However, every Fair Tax proposal I’ve ever seen has a large rebate for what you call the “underclass,” whereby they would receive a rebate check from the government every month in order to compensate for the increased taxes (the 23% national sales tax) that they would pay under this system.

    Sounds like to me, then, that the Fair Tax would actually increase the very poor’s reliance on government handouts by getting them accustomed to receiving thier “Fair Tax” check in the mail every month. So how exactly, UGA, would the Fair Tax reduce the poor’s reliance on the government for help?

    It is not myself or the very poor who I’m concerned about under the Fair Tax. I’d come out pretty good under it. It is the working middle class who I’m somewhat concerned about. People who are not rich, but who make more than what is considered “poverty level” and don’t get the benefit of the rebate check.

    There is no question that they would pay more under the Fair Tax.

  24. Jason says:

    I will not pay more tax so Alltel and Bell South don’t have to pay any.
    Do you actually believe that corporations pay income tax?

  25. Chris says:

    Decatur said:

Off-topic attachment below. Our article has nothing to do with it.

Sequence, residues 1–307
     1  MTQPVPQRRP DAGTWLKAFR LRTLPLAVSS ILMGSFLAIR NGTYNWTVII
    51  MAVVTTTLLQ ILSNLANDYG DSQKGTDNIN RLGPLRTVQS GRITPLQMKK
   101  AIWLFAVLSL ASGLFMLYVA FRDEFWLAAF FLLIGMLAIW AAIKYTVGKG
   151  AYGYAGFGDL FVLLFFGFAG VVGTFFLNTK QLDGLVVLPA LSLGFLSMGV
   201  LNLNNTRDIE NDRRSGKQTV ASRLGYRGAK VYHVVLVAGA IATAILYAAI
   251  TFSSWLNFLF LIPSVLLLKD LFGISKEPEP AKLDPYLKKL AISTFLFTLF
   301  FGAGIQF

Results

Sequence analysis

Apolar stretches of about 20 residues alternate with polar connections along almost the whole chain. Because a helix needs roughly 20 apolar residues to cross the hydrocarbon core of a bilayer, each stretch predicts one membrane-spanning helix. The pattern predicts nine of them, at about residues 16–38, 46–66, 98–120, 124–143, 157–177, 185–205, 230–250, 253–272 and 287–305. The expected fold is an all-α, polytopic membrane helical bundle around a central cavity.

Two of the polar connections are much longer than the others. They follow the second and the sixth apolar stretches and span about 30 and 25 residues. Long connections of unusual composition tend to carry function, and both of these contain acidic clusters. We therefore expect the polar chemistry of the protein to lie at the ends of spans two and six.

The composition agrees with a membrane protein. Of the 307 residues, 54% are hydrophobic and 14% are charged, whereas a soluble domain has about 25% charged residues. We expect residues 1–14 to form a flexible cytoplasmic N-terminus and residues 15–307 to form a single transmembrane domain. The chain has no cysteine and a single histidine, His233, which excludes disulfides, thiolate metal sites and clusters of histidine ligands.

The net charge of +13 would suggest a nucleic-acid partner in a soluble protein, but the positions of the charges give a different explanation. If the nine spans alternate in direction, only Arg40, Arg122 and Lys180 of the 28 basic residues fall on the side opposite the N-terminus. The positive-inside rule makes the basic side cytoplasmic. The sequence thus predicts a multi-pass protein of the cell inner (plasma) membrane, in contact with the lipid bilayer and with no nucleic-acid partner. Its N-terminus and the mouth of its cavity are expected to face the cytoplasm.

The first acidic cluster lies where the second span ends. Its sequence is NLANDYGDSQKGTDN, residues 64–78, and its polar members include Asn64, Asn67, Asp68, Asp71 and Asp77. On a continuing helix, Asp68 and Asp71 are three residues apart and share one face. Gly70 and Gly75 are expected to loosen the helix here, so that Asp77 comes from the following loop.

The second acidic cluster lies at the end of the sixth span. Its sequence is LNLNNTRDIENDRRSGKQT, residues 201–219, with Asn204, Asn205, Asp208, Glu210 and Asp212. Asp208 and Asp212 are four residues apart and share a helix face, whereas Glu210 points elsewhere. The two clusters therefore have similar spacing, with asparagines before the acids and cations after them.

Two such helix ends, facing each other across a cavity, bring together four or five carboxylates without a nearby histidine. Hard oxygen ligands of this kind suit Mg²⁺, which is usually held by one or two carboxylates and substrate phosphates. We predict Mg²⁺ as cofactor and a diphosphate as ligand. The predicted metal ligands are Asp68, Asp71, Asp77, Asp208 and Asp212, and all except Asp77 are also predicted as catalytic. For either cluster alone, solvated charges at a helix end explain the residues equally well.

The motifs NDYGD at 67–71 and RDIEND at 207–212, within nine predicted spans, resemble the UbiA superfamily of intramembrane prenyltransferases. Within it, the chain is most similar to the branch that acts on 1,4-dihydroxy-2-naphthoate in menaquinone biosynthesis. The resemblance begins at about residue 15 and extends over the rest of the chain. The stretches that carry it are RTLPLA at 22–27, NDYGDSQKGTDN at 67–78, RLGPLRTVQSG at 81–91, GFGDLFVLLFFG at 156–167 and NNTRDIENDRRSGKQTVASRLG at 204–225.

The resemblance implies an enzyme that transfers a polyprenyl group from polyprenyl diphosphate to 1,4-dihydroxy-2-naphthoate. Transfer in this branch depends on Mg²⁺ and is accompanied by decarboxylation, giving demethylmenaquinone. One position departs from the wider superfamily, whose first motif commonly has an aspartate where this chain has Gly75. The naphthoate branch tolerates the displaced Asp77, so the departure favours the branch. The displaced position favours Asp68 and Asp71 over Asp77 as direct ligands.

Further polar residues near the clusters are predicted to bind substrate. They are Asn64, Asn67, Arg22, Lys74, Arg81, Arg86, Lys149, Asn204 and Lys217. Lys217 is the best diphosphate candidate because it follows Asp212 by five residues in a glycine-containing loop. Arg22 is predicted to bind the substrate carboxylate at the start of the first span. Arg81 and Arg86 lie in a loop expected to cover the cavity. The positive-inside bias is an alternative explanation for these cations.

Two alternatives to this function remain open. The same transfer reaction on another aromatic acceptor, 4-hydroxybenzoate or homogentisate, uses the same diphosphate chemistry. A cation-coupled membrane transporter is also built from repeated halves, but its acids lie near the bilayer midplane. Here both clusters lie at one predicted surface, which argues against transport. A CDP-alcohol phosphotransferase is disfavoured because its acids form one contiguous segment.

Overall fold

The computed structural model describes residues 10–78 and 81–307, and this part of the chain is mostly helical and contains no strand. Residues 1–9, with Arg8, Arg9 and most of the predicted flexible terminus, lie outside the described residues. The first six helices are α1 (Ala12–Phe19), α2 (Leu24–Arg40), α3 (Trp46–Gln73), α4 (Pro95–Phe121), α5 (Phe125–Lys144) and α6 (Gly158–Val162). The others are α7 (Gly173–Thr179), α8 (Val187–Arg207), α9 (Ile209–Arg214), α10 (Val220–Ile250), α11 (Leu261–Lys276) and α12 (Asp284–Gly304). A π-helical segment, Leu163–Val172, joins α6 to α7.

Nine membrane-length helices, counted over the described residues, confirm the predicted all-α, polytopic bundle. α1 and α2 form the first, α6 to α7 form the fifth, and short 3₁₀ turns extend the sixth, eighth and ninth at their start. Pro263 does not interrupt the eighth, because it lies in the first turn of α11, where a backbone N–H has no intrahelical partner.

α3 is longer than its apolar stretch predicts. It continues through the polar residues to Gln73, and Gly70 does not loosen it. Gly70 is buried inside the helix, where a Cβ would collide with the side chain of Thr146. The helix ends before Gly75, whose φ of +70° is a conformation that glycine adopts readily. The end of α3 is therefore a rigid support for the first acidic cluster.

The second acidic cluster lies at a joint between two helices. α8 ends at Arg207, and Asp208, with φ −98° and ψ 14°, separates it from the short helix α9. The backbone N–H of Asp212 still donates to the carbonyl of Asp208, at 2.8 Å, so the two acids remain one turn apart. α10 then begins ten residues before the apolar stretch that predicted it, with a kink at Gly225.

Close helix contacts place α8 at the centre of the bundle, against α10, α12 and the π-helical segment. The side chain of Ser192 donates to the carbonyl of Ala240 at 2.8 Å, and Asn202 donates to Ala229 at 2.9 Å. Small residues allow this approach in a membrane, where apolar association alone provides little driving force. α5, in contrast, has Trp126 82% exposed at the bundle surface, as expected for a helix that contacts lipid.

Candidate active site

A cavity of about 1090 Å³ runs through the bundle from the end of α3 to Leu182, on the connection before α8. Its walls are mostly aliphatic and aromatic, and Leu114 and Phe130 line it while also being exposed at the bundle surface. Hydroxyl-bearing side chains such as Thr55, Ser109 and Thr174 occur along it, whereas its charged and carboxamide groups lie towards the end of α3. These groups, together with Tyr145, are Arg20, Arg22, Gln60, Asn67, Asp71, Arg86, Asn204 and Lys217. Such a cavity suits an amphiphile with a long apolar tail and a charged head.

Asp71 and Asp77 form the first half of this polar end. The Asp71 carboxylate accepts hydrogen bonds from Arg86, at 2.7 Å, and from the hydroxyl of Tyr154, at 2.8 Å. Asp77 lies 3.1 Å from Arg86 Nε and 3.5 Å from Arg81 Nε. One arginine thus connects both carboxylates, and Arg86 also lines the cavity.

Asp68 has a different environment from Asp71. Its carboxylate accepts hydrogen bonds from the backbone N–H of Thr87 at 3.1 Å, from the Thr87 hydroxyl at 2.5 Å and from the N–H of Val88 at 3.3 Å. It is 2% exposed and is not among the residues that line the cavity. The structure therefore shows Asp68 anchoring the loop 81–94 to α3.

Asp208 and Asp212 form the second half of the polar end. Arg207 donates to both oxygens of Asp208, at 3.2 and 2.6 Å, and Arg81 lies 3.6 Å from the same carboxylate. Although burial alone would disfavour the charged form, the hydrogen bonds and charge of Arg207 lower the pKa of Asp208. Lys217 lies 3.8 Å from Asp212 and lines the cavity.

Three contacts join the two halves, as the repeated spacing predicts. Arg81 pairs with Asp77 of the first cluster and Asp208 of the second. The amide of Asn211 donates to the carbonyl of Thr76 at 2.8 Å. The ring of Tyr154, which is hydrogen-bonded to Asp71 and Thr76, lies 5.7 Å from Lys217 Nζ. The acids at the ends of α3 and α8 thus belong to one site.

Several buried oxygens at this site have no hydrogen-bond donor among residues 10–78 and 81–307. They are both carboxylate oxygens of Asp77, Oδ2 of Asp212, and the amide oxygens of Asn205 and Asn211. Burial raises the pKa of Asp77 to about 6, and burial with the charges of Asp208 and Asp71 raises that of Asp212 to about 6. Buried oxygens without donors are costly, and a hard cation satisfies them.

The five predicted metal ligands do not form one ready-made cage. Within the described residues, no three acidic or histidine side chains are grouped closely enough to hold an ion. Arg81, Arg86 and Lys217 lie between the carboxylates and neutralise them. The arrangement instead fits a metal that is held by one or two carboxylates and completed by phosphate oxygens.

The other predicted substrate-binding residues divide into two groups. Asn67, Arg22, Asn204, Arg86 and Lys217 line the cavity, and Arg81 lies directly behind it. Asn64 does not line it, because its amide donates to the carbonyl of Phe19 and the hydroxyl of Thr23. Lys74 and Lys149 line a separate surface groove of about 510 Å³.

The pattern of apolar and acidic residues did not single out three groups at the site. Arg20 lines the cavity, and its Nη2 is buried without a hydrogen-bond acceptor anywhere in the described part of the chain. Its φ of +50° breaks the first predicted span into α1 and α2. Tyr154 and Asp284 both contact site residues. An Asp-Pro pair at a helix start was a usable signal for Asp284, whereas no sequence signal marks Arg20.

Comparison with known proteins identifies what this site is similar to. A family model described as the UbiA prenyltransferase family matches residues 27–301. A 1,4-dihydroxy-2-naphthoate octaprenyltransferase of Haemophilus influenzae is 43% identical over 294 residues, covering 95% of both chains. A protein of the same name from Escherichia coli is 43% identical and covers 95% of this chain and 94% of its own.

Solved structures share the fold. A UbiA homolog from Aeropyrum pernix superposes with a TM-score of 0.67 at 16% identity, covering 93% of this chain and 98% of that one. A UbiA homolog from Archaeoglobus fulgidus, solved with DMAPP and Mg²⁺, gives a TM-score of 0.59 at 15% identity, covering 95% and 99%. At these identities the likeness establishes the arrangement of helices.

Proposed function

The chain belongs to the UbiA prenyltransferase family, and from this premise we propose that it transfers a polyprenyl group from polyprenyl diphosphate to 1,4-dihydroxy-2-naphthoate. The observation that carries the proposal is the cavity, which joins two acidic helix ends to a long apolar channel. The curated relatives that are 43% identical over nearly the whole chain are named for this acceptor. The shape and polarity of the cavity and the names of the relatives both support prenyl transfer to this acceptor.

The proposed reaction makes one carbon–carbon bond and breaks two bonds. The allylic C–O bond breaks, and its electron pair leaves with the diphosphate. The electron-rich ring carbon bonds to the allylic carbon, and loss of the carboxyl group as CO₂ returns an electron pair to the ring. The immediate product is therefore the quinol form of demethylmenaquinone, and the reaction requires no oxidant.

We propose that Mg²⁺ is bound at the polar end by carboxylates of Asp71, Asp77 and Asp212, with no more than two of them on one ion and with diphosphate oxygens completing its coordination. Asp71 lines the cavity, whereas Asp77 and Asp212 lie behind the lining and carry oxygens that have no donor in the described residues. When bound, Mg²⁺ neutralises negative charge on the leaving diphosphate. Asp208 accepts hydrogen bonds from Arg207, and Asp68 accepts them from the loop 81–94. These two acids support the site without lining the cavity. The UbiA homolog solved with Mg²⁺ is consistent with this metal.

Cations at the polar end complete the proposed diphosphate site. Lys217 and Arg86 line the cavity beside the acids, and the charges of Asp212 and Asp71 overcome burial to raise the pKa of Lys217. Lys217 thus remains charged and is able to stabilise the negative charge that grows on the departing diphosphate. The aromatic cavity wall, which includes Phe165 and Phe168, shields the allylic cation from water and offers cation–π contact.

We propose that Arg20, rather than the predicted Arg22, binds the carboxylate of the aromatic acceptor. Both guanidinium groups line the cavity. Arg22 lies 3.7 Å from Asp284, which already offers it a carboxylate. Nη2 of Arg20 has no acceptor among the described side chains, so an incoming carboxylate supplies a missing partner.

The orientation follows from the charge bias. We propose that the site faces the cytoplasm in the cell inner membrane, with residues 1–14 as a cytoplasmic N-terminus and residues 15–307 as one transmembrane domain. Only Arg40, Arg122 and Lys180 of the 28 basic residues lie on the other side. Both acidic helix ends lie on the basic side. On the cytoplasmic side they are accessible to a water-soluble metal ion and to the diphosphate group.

“Even if the fair tax made economic sense, I think that it would be very unpopular with most voters because consumers would have to pay that tax on every single item they purchased rather than not really noticing it being taken out of their paycheck once every two week or every month.”

    That is exactly why I support a RST at the point of purchase. As long as tax outrage occurs one a year in April there will never be meaningful spending reform.

  26. kspencer says:

    Yeah, Jason, I hear that argument a lot. It’s simple, and it’s wrong. For a change, I’m not going to write reams. Instead, two simple points:

    1) When taxes are raised on businesses, they don’t usually pass the entirety off to the customer. Over and over again, they eat part of their profits. There are exceptions, but they’re EXCEPTIONS.

    2) The “pass along” argument falls when examined throughout the chain of money flow. An extended version of winds up saying that in reality government pays itself, and so taxes are a waste of time.